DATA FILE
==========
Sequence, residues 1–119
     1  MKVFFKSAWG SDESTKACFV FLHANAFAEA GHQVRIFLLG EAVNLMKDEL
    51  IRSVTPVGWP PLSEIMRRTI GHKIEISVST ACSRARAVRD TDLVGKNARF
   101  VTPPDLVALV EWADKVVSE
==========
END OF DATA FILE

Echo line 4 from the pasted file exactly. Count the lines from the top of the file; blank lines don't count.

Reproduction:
   101  VTPPDLVALV EWADKVVSE